Making (brain) waves beyond the holiday season
Toronto start-up turns thought-controlled technology into fun, interactive products & events
Toronto, December 10, 2009 — Brain-controlled games are among 2009’s hottest holiday toys, but the minds behind Canadian upstart and MaRS client InteraXon have been pushing the frontier of brainwave technology through their engaging products and events for years.
In the last year, the technology long used by researchers to measure brain activity has become affordable enough for some toy makers to incorporate it into their toys and video games. This year’s most popular brain-controlled games include:
- Uncle Milton’s Star Wars Force Trainer, a game that has kids strapping on headsets and using their thoughts to levitate a ball with “The Force”;
- EPOC’s Emotiv headset, a video gaming headset that allows gamers to provide basic inputs with thoughts alone;
- Mattel’s MindFlex, a “mental acuity” game where players use their powers of concentration to move a ball through an obstacle course.
“The simple toys that we see on the market now are just the first tremors of what will be an eruption of thought-controlled devices,” says InteraXon’s lead researcher Ariel Garten, an artist, scientist and psychotherapist. “Within 10 years, this technology will be wide-spread and Canada is poised to lead the world.”
And in Canada, InteraXon is at the head of the pack when it comes to developing innovative applications for the brain-computer interface technology. By using the same technologies found in these toys, InteraXon creates cutting edge products and experiences for their clients. Controlling electronic devices using your brain may sound like something straight out of a sci-fi film, but it’s all in a day’s work for Toronto’s “little piece of techno-Neverland.”
“We design experiences around thought-controlled computing. It’s our business to make the technology usable and accessible,” explains Trevor Coleman, InteraXon’s Director of Operations.
These experiences could be anything from pouring a can of cola to levitating a chair, all using pure brain power. At the 2009 Ontario Premier’s Innovation Awards (http://www.mri.gov.on.ca/english/programs/pia/program.asp), the InteraXon team demonstrated a brainwave-controlled musical and visual performance. The experience proved to be one of the award gala’s most popular: even Premier Dalton McGuinty couldn’t resist a chance to try the InteraXon installation (http://www.itbusiness.ca/it/client/en/home/news.asp?id=53191).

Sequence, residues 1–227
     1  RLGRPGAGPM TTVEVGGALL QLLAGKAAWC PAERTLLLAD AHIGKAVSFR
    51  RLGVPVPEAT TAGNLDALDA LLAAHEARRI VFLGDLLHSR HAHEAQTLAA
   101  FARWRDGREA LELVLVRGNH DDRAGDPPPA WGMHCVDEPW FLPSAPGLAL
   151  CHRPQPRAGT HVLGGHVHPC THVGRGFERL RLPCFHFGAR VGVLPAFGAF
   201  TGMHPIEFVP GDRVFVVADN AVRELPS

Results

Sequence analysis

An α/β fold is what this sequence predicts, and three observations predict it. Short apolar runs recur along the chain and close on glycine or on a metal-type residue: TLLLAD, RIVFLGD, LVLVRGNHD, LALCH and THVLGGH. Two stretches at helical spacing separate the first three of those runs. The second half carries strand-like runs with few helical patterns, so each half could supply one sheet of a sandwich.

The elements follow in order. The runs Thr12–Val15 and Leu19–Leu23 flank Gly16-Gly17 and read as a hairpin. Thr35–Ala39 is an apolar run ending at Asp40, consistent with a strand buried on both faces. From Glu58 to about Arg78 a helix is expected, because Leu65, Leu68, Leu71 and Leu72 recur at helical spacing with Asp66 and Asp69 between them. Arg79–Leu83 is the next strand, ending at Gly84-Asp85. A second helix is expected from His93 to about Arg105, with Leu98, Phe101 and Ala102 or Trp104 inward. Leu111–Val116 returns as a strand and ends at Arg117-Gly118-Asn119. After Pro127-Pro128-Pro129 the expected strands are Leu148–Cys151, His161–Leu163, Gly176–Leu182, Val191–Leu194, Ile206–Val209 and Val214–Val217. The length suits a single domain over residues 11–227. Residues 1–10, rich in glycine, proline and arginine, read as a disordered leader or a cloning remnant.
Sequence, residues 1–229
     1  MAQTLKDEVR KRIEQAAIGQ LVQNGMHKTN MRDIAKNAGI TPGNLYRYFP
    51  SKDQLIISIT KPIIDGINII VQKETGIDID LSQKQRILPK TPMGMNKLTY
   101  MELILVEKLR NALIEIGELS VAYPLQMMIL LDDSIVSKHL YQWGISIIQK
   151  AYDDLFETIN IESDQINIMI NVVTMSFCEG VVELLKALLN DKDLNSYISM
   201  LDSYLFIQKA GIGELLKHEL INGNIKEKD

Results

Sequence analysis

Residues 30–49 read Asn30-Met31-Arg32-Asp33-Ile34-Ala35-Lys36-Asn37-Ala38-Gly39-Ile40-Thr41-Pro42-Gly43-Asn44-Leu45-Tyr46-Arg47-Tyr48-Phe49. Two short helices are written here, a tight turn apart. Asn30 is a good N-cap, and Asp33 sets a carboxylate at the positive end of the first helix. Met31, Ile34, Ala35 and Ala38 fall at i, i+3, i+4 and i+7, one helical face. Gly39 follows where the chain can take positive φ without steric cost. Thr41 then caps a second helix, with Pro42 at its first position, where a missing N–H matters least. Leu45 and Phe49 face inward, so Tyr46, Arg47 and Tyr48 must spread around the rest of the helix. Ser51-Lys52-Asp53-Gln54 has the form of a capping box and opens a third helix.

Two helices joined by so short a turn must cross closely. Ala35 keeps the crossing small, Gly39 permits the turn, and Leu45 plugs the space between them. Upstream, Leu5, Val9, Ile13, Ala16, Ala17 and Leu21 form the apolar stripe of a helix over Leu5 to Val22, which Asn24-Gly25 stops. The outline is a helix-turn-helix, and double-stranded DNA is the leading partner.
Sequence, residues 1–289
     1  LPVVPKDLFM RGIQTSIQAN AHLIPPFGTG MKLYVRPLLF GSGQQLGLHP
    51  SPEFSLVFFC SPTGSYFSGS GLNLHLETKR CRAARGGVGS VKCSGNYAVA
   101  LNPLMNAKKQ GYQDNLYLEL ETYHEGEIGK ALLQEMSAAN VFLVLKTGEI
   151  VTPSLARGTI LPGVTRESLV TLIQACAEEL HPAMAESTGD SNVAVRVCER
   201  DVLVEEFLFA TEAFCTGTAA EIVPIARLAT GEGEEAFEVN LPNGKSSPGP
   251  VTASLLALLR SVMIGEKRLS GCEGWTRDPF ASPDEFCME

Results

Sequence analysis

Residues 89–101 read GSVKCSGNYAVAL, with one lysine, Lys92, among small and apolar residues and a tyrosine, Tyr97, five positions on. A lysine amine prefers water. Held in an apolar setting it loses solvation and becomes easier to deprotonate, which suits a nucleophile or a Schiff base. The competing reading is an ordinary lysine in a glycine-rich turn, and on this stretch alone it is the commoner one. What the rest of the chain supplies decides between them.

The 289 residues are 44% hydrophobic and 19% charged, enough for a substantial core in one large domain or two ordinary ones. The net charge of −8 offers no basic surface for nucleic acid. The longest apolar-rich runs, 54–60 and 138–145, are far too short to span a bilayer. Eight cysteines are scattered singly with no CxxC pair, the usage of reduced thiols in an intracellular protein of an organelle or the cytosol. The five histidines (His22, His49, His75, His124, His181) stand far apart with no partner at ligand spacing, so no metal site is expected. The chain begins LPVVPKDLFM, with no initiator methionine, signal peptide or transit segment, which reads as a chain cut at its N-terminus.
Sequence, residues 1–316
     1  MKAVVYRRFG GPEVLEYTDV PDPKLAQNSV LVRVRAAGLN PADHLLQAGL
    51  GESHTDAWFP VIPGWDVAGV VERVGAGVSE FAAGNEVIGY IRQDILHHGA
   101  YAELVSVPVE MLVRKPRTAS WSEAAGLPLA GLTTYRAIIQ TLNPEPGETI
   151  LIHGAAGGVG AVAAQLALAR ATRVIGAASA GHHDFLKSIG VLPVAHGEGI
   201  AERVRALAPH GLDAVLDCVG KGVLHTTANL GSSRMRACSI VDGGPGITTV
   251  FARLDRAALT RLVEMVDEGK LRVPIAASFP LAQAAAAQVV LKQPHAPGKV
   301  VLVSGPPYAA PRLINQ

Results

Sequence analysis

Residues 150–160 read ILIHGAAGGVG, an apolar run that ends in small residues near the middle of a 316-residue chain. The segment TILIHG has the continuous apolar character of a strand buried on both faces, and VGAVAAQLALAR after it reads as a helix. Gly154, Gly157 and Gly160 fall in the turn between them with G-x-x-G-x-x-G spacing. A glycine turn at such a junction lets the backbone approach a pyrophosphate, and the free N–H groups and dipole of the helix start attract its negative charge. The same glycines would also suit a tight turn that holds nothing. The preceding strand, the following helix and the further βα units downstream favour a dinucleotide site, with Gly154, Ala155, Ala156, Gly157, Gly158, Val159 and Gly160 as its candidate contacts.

As an early-stage start up, InteraXon has worked closely with MaRS advisors and staff to develop their business plan and strategize focused marketing. Greg Pelling, MaRS advisor and Senior Vice President of Sierra Systems, says, “InteraXon represents a new kind of company where technological innovation and social creativity intersect to create new experiences with mass market appeal. The company continues to develop new opportunities and win market recognition
for its vision and drive to succeed. They are managing the disciplined balance between short-term business growth and success, and the need for strategic planning and creating a sustainable future.”
“MaRS’ assistance has been invaluable in bringing this technology to market,” says Coleman. “It’s a privilege to have the support of some of the greatest business minds in the country.”
InteraXon (www.interaxon.ca) specializes in designing and creating brainwave-controlled products and experiences. It offers consulting services to companies looking to engage in the emerging thought-controlled technology market. Thought controlled computing is the future of human computer interaction. What was once science fiction can be your company‘s advantage.
MaRS Discovery District (www.marsdd.com) is a large scale, mission driven innovation centre located in Toronto and networked across Ontario, focused on building Canada’s next generation of technology companies. MaRS works closely with entrepreneurs to grow and scale their ventures into global market leaders in life sciences and health care, information, communications and digital media technologies, cleantech, advanced materials and engineering, as well as innovative social purpose business.
To learn more about this amazing technology or to book an interview, contact:
Trevor Coleman at 416.859.0921 or email@example.com
Ariel Garten at 416.839.9943 or firstname.lastname@example.org
Linda Quattrin at 416.673.8104 or email@example.com